This is a deep track talking about the realness of death in his personal life. It also touches on the problems of ghetto violence and drugs.  A good friend of mine recently passed and listening to this song reminded me of him. The first lines of the illustrate perfectly how I feel. Rest In Paradise K.L.

It’s been a while since I’ve seen your face
It’s strange, but, I can’t complain you’re in a better place
It ain’t a question; I know you’re resting in heaven
Ask God to let you listen to me for a second
There’s some things that I wanted to say
Because for a while life wasn’t going your way
Then the next thing I know you were gone for good”


3. Scarface feat. Devin the Dude – Smartz

Scarface showing you what real gangsta rap is.  One of my favorite Scarface tracks.

4. Large Professor feat. Q-Tip – In The Sun

Everyone knows Large Professor (Breaking Atoms) is a legendary producer but he deserves more credit for his rapping. He is an underrated emcee. His lyrics and flow are solid and he sounds even better because he knows exactly what kind of beat complements his flow The beat used for this track is unreal. It’s hypnotic and sounds like a choir is singing in the background making it a perfect beat for Q-Tip to spit over. In my opinion this was one of Q’s best verses. I have no idea how this song isn’t more popular.

5. Showbiz & AG- You Know Now

I discovered this track on Songza and as soon as I heard the beat come in (one of the best beats Buckwild has ever produced) I knew Showbiz & AG were going to rip it. I listened to this song so many times in the past month that I memorized all the lyrics word for word. The beat is so unique and mystical and the heavy bass just brings everything together. I also love the beat change after AG’s verse around 1:47. Overall a classic song.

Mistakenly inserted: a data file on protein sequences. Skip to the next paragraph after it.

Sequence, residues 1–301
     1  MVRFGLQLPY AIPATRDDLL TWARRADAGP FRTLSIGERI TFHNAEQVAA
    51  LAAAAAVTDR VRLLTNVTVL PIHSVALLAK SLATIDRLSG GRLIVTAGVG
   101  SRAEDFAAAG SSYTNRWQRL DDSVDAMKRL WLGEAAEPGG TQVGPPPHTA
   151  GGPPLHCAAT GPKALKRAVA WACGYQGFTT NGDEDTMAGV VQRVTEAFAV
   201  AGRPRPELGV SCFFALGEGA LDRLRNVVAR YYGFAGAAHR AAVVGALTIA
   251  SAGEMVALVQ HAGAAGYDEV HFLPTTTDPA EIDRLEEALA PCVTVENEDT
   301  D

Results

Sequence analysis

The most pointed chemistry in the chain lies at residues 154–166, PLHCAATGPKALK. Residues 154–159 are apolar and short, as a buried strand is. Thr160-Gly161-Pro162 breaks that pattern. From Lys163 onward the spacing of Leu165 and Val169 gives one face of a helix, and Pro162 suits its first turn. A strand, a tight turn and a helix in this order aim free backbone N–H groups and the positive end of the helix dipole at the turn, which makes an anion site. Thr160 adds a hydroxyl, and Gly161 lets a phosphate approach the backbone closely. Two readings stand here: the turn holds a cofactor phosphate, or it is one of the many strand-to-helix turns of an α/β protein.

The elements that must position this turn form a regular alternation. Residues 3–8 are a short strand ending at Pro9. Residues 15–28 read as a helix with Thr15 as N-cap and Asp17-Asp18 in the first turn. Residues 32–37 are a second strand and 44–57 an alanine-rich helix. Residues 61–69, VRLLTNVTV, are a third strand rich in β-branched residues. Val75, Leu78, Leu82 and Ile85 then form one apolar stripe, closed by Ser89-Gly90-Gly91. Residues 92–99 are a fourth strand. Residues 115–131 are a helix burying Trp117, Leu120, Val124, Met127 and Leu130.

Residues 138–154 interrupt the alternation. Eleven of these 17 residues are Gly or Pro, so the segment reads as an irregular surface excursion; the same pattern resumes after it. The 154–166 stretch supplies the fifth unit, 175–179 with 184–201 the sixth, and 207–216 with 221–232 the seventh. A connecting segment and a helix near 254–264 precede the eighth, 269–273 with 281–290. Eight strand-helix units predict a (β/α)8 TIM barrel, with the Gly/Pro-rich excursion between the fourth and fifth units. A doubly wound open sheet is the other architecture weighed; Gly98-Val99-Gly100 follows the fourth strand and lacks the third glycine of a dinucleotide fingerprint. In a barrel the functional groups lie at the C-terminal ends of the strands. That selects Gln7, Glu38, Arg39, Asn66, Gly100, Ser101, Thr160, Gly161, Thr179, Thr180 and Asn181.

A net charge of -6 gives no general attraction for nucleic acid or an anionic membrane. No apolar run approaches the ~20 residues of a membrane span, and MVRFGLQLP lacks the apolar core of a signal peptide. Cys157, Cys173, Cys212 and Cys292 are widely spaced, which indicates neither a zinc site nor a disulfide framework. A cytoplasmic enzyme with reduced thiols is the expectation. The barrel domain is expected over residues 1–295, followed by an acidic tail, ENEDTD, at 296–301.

A few weeks ago I was listening to None Shall Pass by Aesop Rock on Youtube and decided to look through the related videos on the side. I am so glad that I did because I came across a hidden GEM in hip hop. The song I came across used the beat from Sujan Stevens’ song Star of Wonder behind Aesop’s None Shall Pass. The beat really gave the song a different feel than the original and I really really enjoyed it. I decided to see who the creator of this remix was and happened to come across Illinoize.

Illinoize is a free remix tape put together by Vancouver-based producer Tor, sampling songs from multi-instrumentalist and indie hero, Sufjan Stevens. Tracks are sampled from his 2005 LP Illinoise, as well as 3 of his other albums, ‘A Sun Came’, ‘Seven Swans’ and ‘Songs for Christmas’, blending Sufjan Steven’s acoustic guitar, piano and horns with MC’s Aesop Rock, Big Daddy Kane, Gift of Gab (Blackalicious), C.L. Smooth, Outkast, Brother Ali, and Grand Puba.

This is probably the best remix tape I have ever came across and it was due to total coincidence. This is the beauty of music. Sujan Stevens’ instrumentals complement the vocals of every hip hop artist featured to perfection and I am dumbfounded at how little views the songs had. From the sheer quality of the songs, they should have at least MILLIONS of views. This is the epitome of sampling beats and what hip hop is all about. I just wished Tor made some more masterpieces but I haven’t had much luck finding any more remixes that he made.

Here are my 3 favourite remixes from the album but I strongly recommend you listen to all the songs. They are available for free at

1. Sufjan Stevens- Tallest Man/ Grand Puba- I Like It

The beat of this song goes so well with Grand Puba’s smooth flow that I even prefer it over the original. I especially love the sound of the trumpets in the background every few bars just because it just gives you the sense of buildup at the beginning of the song and after every few lines Puba spits. It is a genius sample at the least and not to mention the calm mellow beat in the background over a pretty basic snare and kick beat. It’s partly the amazing talent of Sufjan Stevens but the way it is all put together by Tor is what makes this song such a masterpiece. I found it almost impossible to not nod my head up and down the first time I just heard the drum line come in with the trumpets. Headbanger for sure.

2. Sufjan Stevens- Dumb I Sound/ Outkast- ATLiens